Church of Jesus Christ in Madagascar (FJKM)
|Church Family :|
|Based in :||Madagascar|
|Present in :|
|Member Of :|
|Associate Member Of :|
|WCC Member Since :||1969|
(Fiangonan'i Jesoa Kristy eto Madagasikara, FJKM)
After 18 years of negotiations, the Church of Jesus Christ in Madagascar was founded in 1968 through the union of three churches which arose out of the work of the London Missionary Society, the Paris Missionary Society and the Friends Foreign Mission Association. These historic links continue in a new sense of partnership in mission through the church's membership of CWM and Cevaa and Quaker Peace and Service.
The first missionaries sent by the London Missionary Society landed in the country in 1818. Between 1820 and 1835 some schools were opened, the first church was founded and the entire Bible was translated into Malagasy. For a period up to 1861 the missionaries were unwelcome, and the Malagasy Christians were severely persecuted. In 1862, under a more liberal reign, LMS missionaries were allowed back in Antananarivo. When they came, they found a very active indigenous church. In 1864, a small group of Quakers came to work in cooperation with the LMS. They finally constituted a "Friends Church" in the south-west of the capital. The Society of Evangelical Missions (Paris) did not arrive until the French conquest of the country in 1896. It is interesting to note that the Malagasy union negotiations were begun by missionaries but led to completion by Malagasy church leaders.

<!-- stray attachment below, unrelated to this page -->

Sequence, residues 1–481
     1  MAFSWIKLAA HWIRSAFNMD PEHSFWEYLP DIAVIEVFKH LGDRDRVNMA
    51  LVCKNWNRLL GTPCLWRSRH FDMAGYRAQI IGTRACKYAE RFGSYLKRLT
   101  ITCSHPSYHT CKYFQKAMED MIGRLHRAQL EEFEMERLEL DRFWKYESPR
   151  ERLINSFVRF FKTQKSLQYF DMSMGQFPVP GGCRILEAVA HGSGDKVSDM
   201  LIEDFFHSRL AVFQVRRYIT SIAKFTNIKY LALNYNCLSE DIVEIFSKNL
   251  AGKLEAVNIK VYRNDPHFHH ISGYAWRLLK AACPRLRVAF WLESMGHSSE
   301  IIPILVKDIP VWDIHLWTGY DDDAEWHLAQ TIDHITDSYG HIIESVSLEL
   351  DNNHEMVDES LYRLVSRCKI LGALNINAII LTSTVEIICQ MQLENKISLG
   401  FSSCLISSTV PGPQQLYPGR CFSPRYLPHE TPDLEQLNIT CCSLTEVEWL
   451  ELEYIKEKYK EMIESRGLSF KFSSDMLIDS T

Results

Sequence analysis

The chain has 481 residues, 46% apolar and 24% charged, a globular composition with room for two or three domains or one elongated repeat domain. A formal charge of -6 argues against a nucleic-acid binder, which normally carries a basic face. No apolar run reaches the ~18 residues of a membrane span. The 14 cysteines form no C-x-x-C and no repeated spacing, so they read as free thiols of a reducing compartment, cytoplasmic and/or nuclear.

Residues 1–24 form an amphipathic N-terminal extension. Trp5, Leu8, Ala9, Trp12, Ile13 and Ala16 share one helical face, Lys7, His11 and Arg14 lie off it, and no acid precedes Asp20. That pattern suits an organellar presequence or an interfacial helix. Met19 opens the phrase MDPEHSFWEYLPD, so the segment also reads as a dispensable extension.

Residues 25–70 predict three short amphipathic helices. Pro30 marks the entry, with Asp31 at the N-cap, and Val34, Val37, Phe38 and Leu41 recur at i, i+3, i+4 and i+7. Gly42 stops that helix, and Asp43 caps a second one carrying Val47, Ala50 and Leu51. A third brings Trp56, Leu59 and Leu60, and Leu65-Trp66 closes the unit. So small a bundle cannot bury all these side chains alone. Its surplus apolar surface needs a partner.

The FJKM is the largest Protestant church in the country. It has adopted the presbyterian-synodal polity. The congregations are grouped into regional synods which meet at least once a year. The national synod gathers every four years and the national council of 80 members meets twice a year. The offices of the church are situated in the capital, Antananarivo. The FJKM has three theological colleges, and one theological faculty. It owns 552 schools. In its involvement in the fight against poverty the church gives high priority to evangelism, Christian education, and development in the training of its leaders. With its three departments, eight branches, different units, one orphanage, one printing house, development department, and permanent committees (such as finance, patrimony, national affairs and fight against injustice and corruption, fight against HIV-AIDS, etc.), the church witnesses to Jesus Christ in the national context.
At the national level, the church maintains close contact with the Lutheran Church with which FJKM has been in partnership since 1913 through the Federation of Protestant Churches. Together with the Roman Catholic, the Anglican and the Lutheran churches, the FJKM founded the Christian Council in 1980, a significant expression of Christian solidarity and integrity in the country.